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The FBI's annual crime report is out, and the anti-gun crowd won't like it

Conservative Review

The Federal Bureau of Investigation released its Uniform Crime Report for 2018 on Monday, and the numbers indicate that more people were killed by knives than rifles.

The annual report touts an overall drop in violent crime for the second consecutive year, according to the Bureau's news release on the numbers. However, the numbers specifically on homicides in the United States offer some insight into America's ongoing gun control debate.

Due to multiple shooting massacres that took place in August, gun control proponents have once again turned their animus toward semi-automatic rifles such as the AR-15. Perhaps the most salient example of this is 2020 Democratic candidate Beto O'Rourke's pledge, "Hell yes, we're going to take your AR-15, your AK-47."

However, as has been the case in previous years, the numbers show that rifles in general — including semi-automatics as well as others — only account for a fraction of a percent of the total homicide rate in the United States.

Here's what the FBI's 2018 homicide numbers show us:

  • Overall, the number of homicides dropped from 15,195 in 2017 to 14,123 in 2018. The overall number of people murdered with guns dropped as well.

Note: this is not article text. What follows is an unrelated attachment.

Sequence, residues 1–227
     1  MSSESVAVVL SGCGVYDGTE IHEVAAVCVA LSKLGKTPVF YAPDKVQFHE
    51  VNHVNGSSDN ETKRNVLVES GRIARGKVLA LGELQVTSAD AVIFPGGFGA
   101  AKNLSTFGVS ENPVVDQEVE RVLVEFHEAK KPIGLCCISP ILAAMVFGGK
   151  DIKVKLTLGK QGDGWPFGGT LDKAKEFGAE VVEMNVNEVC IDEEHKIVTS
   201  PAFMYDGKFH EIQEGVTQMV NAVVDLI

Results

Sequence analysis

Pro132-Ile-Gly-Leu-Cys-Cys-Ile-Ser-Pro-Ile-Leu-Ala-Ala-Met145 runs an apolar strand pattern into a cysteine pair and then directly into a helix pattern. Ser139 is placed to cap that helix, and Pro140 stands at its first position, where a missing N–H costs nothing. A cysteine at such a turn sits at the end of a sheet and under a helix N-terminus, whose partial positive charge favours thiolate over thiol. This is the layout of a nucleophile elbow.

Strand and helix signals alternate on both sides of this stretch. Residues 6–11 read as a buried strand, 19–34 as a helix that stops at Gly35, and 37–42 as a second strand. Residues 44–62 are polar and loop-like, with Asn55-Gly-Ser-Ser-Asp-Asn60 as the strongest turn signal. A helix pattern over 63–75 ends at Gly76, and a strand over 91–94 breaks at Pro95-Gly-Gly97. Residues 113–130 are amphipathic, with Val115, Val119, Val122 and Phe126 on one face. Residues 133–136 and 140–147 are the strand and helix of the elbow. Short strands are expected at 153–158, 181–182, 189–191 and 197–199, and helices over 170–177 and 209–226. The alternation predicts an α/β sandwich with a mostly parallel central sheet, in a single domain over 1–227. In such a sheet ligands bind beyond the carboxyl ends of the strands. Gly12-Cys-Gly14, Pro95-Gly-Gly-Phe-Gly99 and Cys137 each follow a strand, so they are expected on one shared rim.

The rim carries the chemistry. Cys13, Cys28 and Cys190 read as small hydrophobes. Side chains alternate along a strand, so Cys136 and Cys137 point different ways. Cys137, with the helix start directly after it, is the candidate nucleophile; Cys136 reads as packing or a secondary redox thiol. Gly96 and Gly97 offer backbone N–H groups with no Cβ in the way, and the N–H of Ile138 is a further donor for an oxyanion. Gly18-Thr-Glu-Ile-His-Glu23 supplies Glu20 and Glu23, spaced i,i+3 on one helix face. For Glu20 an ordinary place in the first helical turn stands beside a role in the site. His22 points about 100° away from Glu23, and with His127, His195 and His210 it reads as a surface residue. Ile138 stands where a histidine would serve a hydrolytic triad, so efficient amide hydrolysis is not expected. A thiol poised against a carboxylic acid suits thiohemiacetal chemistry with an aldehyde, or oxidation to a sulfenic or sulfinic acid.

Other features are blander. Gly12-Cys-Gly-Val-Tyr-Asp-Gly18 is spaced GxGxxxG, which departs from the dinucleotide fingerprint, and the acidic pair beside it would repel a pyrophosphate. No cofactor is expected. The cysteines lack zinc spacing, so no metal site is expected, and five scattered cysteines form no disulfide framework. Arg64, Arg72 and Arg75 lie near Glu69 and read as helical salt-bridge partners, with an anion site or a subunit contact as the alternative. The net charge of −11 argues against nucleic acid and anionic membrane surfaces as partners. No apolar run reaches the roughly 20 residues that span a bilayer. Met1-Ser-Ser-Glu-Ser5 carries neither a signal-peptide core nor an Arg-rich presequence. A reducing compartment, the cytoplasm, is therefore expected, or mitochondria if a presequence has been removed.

• 10,265 were committed with firearms, out of which handguns accounted for 6,603.
  • Rifles were used in 297 homicides, shotguns in 235, and "other guns" in 167.
  • 2,963 homicides were listed as "firearms, type not stated."

What does this show us? According to the available information, rifles accounted for just 2.1 percent of total homicides last year — and 2.9 percent of gun homicides.

Once again, deaths from knives and "personal weapons" like hands, fists, and feet were higher than the number of homicides committed with rifles. More than five times as many murders were committed with knives (1,515) as with rifles, and more than twice as many people were killed with "personal weapons" (672). Other years included in the FBI report's table — which spans 2014-2018 — show similar disparities between the same weapon types.

Again, these numbers are just for rifles as a whole. There's no further breakdown for what kind of action or cosmetic features the rifles had.

But despite the facts, the question of what to do about the AR-15 and other widely used semi-automatic rifles — sometimes referred to as "assault weapons" — will likely remain as one of the main focus points in America's ongoing debate about guns and the Second Amendment.

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